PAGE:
The wealth management industry suffers no shortage of jargon, opaqueness, or “experts” willing to deploy their services. The difficulty in selecting a wealth manager who is able to best direct financial decisions is often only surpassed by the importance of receiving premium advice.
Advisor selection (or advisor retention) should consist of the following considerations:
1. Does this advisor have the proven intellectual capability and knowledge to guide my financial life?
Investigate the advisor’s background and credentials, ranging from an undergraduate discipline to corporate experience to professional designations. For the latter, consider that even after taking an average of over 1,000 hours of rigorous study and a minimum of four years of professional experience, fewer than 1 in 5 candidates become a Chartered Financial Analyst (CFA) charterholder. CFA charterholders have mastered the art and science of securities analysis, asset allocation, and portfolio management skills. Investors need the confidence that an advisor can handle the breadth and depth of issues underpinning your financial objectives.
2. Do I (as the client) have unfettered / unrestricted access to my own money?
Your advisor using an independent custodian should be a table stake, meaning you are at least receiving a quarterly statement from an objective organization such as Charles Schwab, Fidelity, or Shareholder Services Group, for example. However, many advisors still create artificial barriers between you and your money, with the sole intent being to make your departure as difficult as possible. Often, their hope is that inertia will continue to rule, while at a minimum forcing you to have that unpleasant and somewhat confrontational discussion about leaving. If you are unhappy with your current advisor for any reason (too little communication or too much, poor returns, poor strategy, high costs, or anything else), then you should be able to ‘regain’ your money absent any hassle; think of the relative ease in onboarding after selecting a wealth manager – any migrations away should be painless as well ; let the amount of friction serve as another influence in your choice of continuing professional advisement.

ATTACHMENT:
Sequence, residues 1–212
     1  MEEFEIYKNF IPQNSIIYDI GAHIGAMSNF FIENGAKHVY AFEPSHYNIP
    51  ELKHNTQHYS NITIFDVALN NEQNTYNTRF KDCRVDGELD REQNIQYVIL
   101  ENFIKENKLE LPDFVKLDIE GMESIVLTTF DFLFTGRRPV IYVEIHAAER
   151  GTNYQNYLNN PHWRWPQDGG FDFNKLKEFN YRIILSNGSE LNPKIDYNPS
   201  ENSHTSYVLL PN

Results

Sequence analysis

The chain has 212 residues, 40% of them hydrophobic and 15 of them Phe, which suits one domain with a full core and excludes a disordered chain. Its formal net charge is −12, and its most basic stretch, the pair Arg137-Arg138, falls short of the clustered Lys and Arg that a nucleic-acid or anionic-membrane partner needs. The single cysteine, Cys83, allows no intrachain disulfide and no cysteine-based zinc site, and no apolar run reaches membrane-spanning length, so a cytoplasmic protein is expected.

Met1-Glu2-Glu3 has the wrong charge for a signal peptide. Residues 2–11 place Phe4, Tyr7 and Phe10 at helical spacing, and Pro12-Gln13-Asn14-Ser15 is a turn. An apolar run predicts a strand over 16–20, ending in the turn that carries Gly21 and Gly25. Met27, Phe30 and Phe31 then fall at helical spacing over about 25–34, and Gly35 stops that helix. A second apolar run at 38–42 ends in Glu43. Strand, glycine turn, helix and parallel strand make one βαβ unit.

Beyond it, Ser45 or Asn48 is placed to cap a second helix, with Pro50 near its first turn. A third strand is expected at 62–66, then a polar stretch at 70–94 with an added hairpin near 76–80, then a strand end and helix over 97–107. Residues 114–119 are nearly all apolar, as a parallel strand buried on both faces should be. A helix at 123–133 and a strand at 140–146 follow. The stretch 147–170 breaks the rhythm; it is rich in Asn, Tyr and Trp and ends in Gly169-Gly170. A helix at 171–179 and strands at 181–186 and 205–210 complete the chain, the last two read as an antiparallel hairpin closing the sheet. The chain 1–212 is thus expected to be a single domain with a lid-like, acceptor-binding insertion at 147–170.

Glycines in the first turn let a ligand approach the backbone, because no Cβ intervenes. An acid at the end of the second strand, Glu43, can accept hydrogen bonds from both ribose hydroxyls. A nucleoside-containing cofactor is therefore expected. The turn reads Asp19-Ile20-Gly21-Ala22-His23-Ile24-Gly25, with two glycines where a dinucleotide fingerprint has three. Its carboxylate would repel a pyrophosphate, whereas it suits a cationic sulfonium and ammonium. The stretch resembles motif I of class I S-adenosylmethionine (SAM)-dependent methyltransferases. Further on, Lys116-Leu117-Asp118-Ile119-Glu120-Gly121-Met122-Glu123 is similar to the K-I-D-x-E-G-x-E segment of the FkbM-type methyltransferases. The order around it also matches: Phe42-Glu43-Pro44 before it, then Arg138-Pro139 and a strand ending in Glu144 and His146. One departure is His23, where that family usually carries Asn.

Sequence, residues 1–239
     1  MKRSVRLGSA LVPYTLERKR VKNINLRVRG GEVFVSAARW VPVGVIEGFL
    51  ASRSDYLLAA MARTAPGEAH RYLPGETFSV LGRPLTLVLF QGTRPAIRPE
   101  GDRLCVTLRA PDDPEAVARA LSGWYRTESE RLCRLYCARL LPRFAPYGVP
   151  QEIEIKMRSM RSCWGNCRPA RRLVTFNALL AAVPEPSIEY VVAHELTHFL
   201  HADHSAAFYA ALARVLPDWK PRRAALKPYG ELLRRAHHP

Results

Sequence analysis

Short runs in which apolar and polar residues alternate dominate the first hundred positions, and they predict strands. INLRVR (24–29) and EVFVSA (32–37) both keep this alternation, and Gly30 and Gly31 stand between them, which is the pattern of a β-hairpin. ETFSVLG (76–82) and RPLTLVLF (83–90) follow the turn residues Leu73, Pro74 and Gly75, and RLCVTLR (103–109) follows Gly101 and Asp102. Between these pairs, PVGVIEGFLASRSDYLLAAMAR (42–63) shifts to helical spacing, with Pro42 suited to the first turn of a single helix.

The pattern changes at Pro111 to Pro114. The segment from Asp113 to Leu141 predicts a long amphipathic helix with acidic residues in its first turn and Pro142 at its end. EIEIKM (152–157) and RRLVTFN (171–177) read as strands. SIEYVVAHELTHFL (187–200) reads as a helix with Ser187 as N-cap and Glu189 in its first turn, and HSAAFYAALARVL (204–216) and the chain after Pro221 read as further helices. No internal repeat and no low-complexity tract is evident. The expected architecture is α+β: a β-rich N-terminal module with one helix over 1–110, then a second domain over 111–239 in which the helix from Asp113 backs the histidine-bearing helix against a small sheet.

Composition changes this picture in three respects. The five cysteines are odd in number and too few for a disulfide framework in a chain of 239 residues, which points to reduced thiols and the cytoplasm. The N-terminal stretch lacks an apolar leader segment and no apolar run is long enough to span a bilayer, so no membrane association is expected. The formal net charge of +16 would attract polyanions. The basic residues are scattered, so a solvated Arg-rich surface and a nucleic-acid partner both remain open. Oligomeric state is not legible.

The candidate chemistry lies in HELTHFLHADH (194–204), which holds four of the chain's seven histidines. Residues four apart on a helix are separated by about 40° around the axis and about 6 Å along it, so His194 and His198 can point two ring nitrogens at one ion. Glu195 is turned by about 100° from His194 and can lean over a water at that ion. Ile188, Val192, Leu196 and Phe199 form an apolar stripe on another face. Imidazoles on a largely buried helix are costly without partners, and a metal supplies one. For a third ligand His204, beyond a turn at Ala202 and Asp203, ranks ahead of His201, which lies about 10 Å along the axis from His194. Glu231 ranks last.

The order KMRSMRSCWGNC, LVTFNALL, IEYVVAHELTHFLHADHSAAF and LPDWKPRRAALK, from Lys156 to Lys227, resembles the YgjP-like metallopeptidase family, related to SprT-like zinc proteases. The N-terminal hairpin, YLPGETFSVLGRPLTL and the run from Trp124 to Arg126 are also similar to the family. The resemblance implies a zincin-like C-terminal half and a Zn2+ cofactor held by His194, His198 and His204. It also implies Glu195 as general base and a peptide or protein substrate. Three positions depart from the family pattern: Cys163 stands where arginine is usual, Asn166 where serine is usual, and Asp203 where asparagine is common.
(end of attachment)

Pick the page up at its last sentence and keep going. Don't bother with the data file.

3. Does this advisor provide market comparables for every outcome?
You should be afforded the opportunity to examine how your situation compares with others for every facet of your relationship:
- Fees paid to the advisor – is this fee-based, commission-based, or something else?
- Fees paid for the securities – are these fair relative to similar allocations you could be pursuing? Any sales loads? Any ongoing fees?
- Portfolio gains and losses – are these easily explained?
- Risks within your portfolio – instead of receiving performance-only measures, am I aware of the risk burden carried?
- Comparable portfolios – how are you (the advisor) invested?
Most, if not all, of these considerations should be reported in a concise manner, preferably in the form of a “dashboard” that is easily decipherable, not overwhelming, and serves as a single source of important measures.
4. What will our interactions look like?
All aforementioned considerations may diminish if the personal interactions aren’t replete with clear communication, professionalism, and at a frequency (monthly, quarterly, or impromptu) or medium (digital, phone, or in-person) you desire. While far too often an advisor is selected based upon personality instead of competence, the two do not have to be mutually exclusive. You are selecting the wealth manager, you are the client, and the wealth being discussed is yours. Demand better.
At Ascendance Wealth, results matter. Our highly-qualified team is led by a CFA charterholder who oversee entire portfolio, communicate with clients on regular basis. Ascendance wealth also provides innovative wealth dashboards for clients to monitor their progress independently.
If you would like to learn more about selecting a wealth manager for the first time, or are simply curious about receiving a second opinion regarding your current investment strategy, simply call 303.720.3279 or email email@example.com. All initial consultations are free, will contain neither sales pitches nor contracts, and can be at the Ascendance Wealth office or another location of your choosing